Tragedy of vulnerable mum who died in blaze

Gemma Bishop
Gemma Bishop

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A YOUNG mother died after dousing her home in petrol and setting fire to it, an inquest heard.

Despite attempts to call for help, Gemma Bishop, 29, of Edgell Road, Westbourne, died before she could be reached by neighbours and fire crews in May.

An inquest into her death took place in Chichester.

Karine Charrett, Miss Bishop’s sister, said: ‘She wanted a perfect family life. It would be fair to say she was vulnerable.’

The hearing was told Miss Bishop was unconscious when firefighters found her.

Lee Spencer Smith, fire station manager at Worthing, said: ‘Petrol had been spread on the landing and the staircase. There were smoke detectors which had been removed.’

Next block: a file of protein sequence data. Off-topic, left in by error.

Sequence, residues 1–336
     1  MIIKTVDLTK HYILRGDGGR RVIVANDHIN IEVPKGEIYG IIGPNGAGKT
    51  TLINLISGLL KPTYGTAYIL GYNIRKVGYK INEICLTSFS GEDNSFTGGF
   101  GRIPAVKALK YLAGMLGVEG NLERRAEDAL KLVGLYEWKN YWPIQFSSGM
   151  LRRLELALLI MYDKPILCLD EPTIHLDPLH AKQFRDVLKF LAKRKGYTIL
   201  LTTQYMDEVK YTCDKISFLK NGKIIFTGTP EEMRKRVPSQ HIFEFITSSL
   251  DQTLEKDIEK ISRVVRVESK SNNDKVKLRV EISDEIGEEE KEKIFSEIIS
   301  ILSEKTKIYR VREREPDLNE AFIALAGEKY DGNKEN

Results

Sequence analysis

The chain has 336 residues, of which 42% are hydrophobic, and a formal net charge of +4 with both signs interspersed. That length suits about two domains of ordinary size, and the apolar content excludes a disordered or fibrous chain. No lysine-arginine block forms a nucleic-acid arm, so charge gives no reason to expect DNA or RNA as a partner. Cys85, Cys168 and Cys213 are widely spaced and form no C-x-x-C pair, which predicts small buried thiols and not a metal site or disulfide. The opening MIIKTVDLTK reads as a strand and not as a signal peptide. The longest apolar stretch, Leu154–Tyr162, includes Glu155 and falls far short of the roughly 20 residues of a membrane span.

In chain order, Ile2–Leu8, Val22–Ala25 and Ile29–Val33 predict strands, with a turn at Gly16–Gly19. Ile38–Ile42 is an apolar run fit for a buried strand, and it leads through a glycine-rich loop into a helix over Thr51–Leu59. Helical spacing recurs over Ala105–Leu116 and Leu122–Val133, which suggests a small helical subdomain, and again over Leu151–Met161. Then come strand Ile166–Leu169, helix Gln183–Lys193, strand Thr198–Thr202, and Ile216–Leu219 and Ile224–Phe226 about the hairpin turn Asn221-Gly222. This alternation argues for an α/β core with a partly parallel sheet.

However, the inquest heard Miss Bishop called the emergency services to report the fire, repeating a pattern of dangerous actions and calls for help.

She had made suicide attempts but every time she phoned for the emergency services.

Miss Bishop had three children, who were taken into care after she started a relationship with a man. Miss Bishop’s family said he had been in prison before.

The inquest heard social services gave Miss Bishop an ultimatum – to either leave him or risk losing her children.

Mrs Charrett said her sister had ‘quite high anxiety’ from the time her children were taken away from her.

Miss Bishop’s father, Andrew Bishop, told the coroner: ‘If someone suggested something which was not quite right, she could be persuaded to go along with something.

‘From a father’s point of view, sometimes her relationships were not what I would have liked.’

Returning a verdict of accidental death, Michael Kendall, deputy assistant coroner, said her actions might have been a desperate attempt to get her partner back in her life.

He said: ‘It does appear from the evidence that she doused the house with petrol and set fire to it.

‘It is entirely consistent that she attempted something which would get her partner back in her life. There isn’t sufficient evidence that she intended to die.’